Revenge may be an adaptation of The Count of Monte Cristo, but the glossy Hamptons-based soap is arguably better suited to the decadent opulence of 17th Century Paris as it appears in Moliere’s melodrama, Tartuffe. Though Emily is far prettier and smarter, Tartuffe, like Emily, infiltrates a family under false pretences to take them down from the inside. Meanwhile, the grandiose, Commedia Dell’Arte style of Tartuffe matches the over-the-top production of the Graysons’ many soirees and the family’s unwavering veneer. Conrad’s corruption and irreverence also fit the mold of Moliere’s classic buffoon to a tee.

Parks and Recreation and Aphra Behn’s The Rover

Aphra Behn was one of the canon’s first ladies working in comedy, and like Amy Poehler at the helm of Parks and Recreation, Behn worked the reins of The Rover, also a jocular comedy (for its time), and one similarly riddled with tricksters and tradition so that Naples of Behn’s play might as well be Pawnee. Andy’s crash-wallop physical comedy in particular fits the jester-like, expedient comedy of Willmore, the protagonist of The Rover. Meanwhile, the characters as an ensemble have an equally debacle-ridden relationship with one another.

Mad Men and Shakespeare’s A Midsummer Night’s Dream

Mad Men hasn’t finished yet, but it won’t be long before we bid adieu and tip our hats to Draper and his SCDP cohort. Like Mad Men, Midsummer Night’s Dream is full of duplicitous, incestual relationships (see Don’s many profligate affairs and his most recent mistress, Sylvia), silver-tongued performers (Roger Sterling would make a fantastic Puck), and fools (Bottom would unequivocally be Pete Campbell). Meanwhile, Joan and the secretarial staff might easily be cast as Queen Titania and her train of fairies, and the wise-cracking SCDP copywriting team as the Pyramus and Thisbe players.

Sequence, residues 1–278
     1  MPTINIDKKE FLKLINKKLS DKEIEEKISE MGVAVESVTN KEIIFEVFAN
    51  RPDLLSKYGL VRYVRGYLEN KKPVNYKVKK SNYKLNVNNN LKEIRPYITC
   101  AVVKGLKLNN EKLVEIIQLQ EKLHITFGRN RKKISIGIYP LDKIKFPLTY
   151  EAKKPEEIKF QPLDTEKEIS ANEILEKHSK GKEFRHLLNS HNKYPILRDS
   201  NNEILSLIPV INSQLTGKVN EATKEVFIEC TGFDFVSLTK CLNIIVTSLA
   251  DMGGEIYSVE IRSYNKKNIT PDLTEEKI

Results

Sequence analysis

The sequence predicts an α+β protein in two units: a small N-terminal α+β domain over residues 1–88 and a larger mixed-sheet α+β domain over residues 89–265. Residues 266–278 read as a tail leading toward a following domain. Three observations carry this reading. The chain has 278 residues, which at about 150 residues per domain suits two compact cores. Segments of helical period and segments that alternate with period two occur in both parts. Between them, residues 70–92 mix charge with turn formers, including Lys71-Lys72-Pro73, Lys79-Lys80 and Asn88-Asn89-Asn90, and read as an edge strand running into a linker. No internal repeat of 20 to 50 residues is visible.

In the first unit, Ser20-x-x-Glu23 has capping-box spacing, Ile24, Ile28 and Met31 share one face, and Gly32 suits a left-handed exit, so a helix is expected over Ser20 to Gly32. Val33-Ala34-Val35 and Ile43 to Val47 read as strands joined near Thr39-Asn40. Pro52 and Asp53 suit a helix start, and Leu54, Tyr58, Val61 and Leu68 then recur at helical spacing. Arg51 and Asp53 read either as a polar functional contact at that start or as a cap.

Enlightened and Sheryl Sandberg’s Lean In: Women, Work, and the Will to Lead

One is inclined, following the untimely end of Enlightened, to consult a bottle of white wine and a slew of self-help books (like this one and perhaps this one). Though such titles might have worked for Amy Jellicoe, we should like to give her more credit, and wonder whether Sheryl Sandberg’s Lean In might be a more empowering read. We reckon Amy would have been a fan of Sandberg’s advice for women in the still male-oriented workplace, using it as her manifesto and industriously distributing copies to everyone, urging them to “lean in.”

The Office and Tom Rachman’s The Imperfectionists

Another show that won’t be returning is The Office, and though we weren’t as sad to see it go after nine robust seasons, for all its shortcomings, the show came to a poignant, adorable end in its finale. Something The Office perpetually emphasized was the humanity of the Dunder Mifflin employees (for all their quirks), and the same premise is at the heart of Tom Rachman’s The Imperfectionists, a novel about a group of journalists and the intersecting travails of their work and lives. Both sets of colleagues work with paper, after all.